I'm not going to tell you when or how to use force. When it comes to the prospect of using force, I assume that 1) you'll act accordingly, 2) your partner will act accordingly, or 3) you're so willfully ignorant that there's damn little anybody can do to help you.

But while I am giving you the benefit of the doubt, I am not going to assume that you know how to cover the bases—not to mention cover your ass—in the aftermath of a use-of-force incident.

Having spent most of my career as a patrol supervisor, I've been witness to just how many things can go wrong even for experienced officers. And for those who are just starting out in law enforcement, the odds of having something other than a suspect bite them in the ass increase dramatically.

An irony of the profession is that the earlier you are in the game, the greater the likelihood that you'll find yourself involved with force incidents, as opposed to later in your career when you'll be better able to justify your actions. This is understandable. You're younger, more energetic, more anxious to catch bad guys, and perhaps lacking in some of the silver-tongued graces that most cops acquire over the course of their careers.

Yet if there's ever a time for you to start thinking like a sergeant, a detective, and a lawyer, it's when you've just knocked some suspect on his ass.

When it comes to using force, I'll assume that the other guy had it coming. Unfortunately, there are others who are not so predisposed. Much like Rorschach's ink blots, they'll see what they want, and they're the ones you have to convince as to the propriety of your actions.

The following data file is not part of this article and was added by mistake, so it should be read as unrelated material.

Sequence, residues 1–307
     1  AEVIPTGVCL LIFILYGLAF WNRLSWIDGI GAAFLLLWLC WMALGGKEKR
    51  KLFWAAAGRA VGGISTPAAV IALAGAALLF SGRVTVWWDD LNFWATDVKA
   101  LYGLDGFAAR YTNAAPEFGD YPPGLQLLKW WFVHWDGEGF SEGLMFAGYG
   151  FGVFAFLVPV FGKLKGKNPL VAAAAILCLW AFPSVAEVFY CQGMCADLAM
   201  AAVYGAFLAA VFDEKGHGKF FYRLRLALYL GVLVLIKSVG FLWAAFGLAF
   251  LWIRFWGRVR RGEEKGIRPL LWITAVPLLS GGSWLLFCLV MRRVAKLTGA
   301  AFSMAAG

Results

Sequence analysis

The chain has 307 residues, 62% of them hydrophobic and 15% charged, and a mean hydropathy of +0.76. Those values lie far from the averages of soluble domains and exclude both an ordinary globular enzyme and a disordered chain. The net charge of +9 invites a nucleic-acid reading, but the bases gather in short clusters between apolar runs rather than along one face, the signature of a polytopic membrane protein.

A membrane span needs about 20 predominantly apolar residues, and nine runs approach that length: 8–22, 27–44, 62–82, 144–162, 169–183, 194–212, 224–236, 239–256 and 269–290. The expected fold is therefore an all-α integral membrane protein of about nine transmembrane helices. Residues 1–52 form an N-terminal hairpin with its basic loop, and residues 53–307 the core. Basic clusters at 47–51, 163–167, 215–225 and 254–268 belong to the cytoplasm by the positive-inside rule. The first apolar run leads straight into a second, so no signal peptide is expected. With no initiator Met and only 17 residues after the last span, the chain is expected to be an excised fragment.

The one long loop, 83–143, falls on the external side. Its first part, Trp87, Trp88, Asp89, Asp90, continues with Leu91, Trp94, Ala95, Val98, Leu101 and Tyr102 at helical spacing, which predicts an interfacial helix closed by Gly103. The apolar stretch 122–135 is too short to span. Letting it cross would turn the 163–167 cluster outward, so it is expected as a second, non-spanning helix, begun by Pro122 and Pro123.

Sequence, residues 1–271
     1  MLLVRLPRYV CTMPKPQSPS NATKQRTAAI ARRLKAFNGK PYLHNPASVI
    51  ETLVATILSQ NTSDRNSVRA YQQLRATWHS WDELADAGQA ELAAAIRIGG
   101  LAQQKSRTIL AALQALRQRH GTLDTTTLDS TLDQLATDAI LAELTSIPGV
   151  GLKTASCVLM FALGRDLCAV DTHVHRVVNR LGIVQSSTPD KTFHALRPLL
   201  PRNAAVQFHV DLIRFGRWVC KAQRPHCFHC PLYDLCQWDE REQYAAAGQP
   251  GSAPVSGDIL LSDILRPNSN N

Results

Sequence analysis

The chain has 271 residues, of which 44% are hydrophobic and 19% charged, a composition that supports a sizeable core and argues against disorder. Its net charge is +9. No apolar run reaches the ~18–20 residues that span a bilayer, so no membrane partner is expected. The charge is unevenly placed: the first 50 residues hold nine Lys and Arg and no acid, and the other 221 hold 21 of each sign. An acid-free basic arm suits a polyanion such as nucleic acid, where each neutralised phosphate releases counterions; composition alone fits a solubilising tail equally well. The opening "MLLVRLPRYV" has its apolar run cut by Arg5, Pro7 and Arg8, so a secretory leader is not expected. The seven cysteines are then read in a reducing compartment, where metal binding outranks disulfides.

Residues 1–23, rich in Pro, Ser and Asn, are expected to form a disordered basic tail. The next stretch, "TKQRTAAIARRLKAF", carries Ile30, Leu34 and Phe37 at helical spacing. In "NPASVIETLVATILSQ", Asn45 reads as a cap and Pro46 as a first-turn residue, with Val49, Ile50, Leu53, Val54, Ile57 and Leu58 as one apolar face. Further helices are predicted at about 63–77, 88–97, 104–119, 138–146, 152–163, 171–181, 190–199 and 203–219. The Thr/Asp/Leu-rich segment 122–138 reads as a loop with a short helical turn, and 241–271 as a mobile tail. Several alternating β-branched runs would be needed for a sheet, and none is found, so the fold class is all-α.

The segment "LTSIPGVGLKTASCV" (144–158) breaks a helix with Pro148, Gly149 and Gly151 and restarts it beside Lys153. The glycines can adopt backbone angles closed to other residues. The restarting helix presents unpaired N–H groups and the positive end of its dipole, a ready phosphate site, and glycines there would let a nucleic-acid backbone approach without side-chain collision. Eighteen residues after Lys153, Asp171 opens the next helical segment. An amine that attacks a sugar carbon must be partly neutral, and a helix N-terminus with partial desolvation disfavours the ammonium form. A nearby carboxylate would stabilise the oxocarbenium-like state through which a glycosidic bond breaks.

That's why if you anticipate a use-of-force incident, do everything in your power to get it on tape as it evolves. Note the emphasis on "evolves." Too often, cameras catch only a portion of the force deployed, and not the circumstances that precipitated it. Documented footage will illustrate the mindset of the people you deal with, any orders they chose to ignore, and why the force is necessary.

Fortunately, many patrol units today have in-car camera systems. Whether you're on a traffic or pedestrian stop, it's important to get in the habit of keeping the other parties within view of the camera. Also, make sure that the camera is activated. Some systems are set to activate only when rotators are going. If you're only using your amber to the rear, you may have to manually start the camera.

Make sure that you're getting audio, too. Repeated commands for compliance work to your advantage. At no time should your concerns about getting objective documentation of an incident delay your decision to use the force in question. The greater priority is to get home in one piece; sometimes you just can't have everything as nice and tidy as you'd like them.

If you have the luxury of a handheld camera, have a fellow officer use it. They're particularly handy, and not just for tracking a force problem as it moves from one area to the next. A panoramic 360-degree sweep in the immediate aftermath of the force will show who was actually present at the scene, and who wasn't.